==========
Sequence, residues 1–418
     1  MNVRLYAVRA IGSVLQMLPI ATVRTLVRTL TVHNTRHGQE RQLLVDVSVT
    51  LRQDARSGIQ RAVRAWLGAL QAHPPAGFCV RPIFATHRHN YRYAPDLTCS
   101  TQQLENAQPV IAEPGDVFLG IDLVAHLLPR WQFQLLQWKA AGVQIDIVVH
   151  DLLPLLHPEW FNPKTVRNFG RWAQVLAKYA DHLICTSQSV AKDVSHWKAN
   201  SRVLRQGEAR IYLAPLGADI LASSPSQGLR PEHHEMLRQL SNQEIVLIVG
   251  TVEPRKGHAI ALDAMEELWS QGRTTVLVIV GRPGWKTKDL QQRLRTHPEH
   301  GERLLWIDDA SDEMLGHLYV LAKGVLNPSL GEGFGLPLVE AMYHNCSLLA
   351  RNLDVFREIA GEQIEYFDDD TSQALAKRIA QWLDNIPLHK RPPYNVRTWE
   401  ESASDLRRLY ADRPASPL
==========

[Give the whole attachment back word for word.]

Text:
Sequence, residues 1–418
     1  MNVRLYAVRA IGSVLQMLPI ATVRTLVRTL TVHNTRHGQE RQLLVDVSVT
    51  LRQDARSGIQ RAVRAWLGAL QAHPPAGFCV RPIFATHRHN YRYAPDLTCS
   101  TQQLENAQPV IAEPGDVFLG IDLVAHLLPR WQFQLLQWKA AGVQIDIVVH
   151  DLLPLLHPEW FNPKTVRNFG RWAQVLAKYA DHLICTSQSV AKDVSHWKAN
   201  SRVLRQGEAR IYLAPLGADI LASSPSQGLR PEHHEMLRQL SNQEIVLIVG
   251  TVEPRKGHAI ALDAMEELWS QGRTTVLVIV GRPGWKTKDL QQRLRTHPEH
   301  GERLLWIDDA SDEMLGHLYV LAKGVLNPSL GEGFGLPLVE AMYHNCSLLA
   351  RNLDVFREIA GEQIEYFDDD TSQALAKRIA QWLDNIPLHK RPPYNVRTWE
   401  ESASDLRRLY ADRPASPL